I won't repeat the "Signing your code with Signtool" walkthrough that is already detailed in 50,000 other posts. You can Bing that with Google as easily as I did. What I will share is a little issue that tripped me up for a bit.
I wanted the code signed as part of the TFS automated build. And, while I could run the command line myself, I could not get it to work under TFS builds.
- I wanted the keys in the certificate store, rather than on disk. This makes it possible to use the certificate without storing the certificate's private key password on disk.
- The build process is NOT running as local admin.
- The code signing tasks happen as a "Post-Build" event, specified in the project's properties.
- The certificate was installed in the Machine Store, not a specific account's store.
I could run the Signtool command under my account and it worked. But if I ran under a limited account, it didn't work.
I tried copying the cert into the service account's personal store, but that didn't help.
The Solution - Permissions, of course!
It wasn't immediately obvious because of various error messages such as:
- "No certificates were found that met all the given criteria"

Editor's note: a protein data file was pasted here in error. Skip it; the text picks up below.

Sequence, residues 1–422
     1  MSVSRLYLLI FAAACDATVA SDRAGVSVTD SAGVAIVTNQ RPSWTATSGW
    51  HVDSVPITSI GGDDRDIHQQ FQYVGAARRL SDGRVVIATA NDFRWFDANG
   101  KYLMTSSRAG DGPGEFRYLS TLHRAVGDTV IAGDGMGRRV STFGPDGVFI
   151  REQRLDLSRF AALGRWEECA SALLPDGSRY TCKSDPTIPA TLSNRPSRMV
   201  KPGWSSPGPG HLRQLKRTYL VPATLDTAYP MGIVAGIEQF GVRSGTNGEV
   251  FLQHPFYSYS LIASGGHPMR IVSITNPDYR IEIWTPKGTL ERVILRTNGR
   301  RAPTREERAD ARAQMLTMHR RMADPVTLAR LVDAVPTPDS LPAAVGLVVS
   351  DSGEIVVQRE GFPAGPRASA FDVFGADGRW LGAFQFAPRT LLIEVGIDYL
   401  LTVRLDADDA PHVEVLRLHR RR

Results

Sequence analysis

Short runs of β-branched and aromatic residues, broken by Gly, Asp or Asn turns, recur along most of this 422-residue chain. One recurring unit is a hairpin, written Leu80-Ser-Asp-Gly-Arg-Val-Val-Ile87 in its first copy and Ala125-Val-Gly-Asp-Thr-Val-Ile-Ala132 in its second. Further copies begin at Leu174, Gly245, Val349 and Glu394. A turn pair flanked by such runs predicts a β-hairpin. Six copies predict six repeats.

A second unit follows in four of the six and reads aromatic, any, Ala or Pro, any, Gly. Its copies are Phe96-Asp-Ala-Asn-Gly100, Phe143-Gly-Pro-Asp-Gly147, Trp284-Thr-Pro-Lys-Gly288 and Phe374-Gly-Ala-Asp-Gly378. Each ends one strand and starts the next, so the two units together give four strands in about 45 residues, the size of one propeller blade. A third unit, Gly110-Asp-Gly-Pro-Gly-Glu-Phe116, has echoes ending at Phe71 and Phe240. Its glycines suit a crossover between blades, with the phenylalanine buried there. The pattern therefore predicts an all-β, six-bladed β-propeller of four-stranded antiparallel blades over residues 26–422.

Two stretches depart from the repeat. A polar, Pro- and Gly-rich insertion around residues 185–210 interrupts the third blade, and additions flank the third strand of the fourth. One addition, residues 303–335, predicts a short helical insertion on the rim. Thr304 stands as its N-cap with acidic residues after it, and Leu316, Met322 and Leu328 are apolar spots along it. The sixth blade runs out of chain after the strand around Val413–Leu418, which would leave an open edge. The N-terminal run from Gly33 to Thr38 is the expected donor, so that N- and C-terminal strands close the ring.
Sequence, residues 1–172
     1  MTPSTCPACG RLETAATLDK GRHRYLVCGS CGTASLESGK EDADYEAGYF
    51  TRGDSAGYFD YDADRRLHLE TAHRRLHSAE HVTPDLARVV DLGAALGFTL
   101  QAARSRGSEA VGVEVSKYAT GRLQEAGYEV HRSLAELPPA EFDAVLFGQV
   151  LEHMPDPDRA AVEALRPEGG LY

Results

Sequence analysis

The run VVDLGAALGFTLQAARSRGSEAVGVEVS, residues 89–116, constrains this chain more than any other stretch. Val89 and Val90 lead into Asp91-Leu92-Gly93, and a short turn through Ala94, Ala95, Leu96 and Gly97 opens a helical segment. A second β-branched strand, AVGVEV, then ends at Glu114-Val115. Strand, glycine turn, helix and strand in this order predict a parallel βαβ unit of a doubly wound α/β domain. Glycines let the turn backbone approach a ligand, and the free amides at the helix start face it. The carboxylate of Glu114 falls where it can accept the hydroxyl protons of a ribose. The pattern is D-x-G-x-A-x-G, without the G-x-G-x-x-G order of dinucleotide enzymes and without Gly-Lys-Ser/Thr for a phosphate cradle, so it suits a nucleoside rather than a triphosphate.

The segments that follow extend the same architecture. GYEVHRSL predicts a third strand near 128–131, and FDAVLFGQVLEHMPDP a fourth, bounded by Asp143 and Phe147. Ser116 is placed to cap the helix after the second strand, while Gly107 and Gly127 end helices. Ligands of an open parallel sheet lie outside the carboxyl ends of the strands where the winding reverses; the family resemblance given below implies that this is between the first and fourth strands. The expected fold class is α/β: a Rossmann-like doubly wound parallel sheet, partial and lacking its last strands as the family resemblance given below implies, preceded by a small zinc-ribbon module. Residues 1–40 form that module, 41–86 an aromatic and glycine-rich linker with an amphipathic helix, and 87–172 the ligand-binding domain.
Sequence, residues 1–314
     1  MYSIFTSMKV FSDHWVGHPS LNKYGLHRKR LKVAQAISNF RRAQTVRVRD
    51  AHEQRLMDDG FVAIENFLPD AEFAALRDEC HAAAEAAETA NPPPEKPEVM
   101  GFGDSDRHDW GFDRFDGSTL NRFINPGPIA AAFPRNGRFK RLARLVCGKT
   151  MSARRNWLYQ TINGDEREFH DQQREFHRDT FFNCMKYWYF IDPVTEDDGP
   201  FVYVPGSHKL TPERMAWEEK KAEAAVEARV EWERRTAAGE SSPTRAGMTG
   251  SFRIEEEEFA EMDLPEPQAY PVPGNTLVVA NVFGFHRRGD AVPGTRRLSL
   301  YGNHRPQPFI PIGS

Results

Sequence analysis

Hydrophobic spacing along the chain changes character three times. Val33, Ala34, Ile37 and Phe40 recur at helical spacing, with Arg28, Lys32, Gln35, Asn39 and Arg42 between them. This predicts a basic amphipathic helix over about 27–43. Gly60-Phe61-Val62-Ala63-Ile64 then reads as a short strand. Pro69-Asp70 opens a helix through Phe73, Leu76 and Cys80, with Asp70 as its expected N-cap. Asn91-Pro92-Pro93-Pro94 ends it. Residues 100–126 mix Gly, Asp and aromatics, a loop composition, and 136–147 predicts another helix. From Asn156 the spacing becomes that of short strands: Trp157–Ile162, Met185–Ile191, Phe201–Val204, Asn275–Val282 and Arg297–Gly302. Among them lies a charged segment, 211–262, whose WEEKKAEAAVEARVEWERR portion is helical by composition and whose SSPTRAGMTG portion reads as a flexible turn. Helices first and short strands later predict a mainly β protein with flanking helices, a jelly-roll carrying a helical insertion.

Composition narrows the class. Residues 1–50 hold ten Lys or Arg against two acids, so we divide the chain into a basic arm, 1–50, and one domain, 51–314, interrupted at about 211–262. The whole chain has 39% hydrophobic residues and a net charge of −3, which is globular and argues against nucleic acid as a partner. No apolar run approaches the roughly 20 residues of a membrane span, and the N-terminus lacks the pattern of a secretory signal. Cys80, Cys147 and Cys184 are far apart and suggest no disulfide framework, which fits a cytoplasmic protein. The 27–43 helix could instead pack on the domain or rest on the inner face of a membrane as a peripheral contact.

- "No provider was specified for the store or object"
- … and others
I figured that I'd check to see what Signtool was looking for to see if I could isolate the issue. ProcessMonitor did the trick in a matter of minutes. Spinning it up, I found that it was getting access denied on the Machine Store's key files. I've seen this before related to IIS / ASP.NET (I think).
On Windows Server 2003 and earlier, the machine keys are stored under:
C:\Documents and Settings\All Users\Application Data\Microsoft\Crypto\RSA\MachineKeys
On Windows Server 2008, these are now under:
I found the file related to the cert that I just installed and inspected permissions. Just "Administrators" and "System". I granted my build service account read access and, VOILA, the Signtool works!
If anyone knows how to manage cert permissions without mucking with the file system directly, please do tell! And if you know why this is the way it is, I'd love to hear it.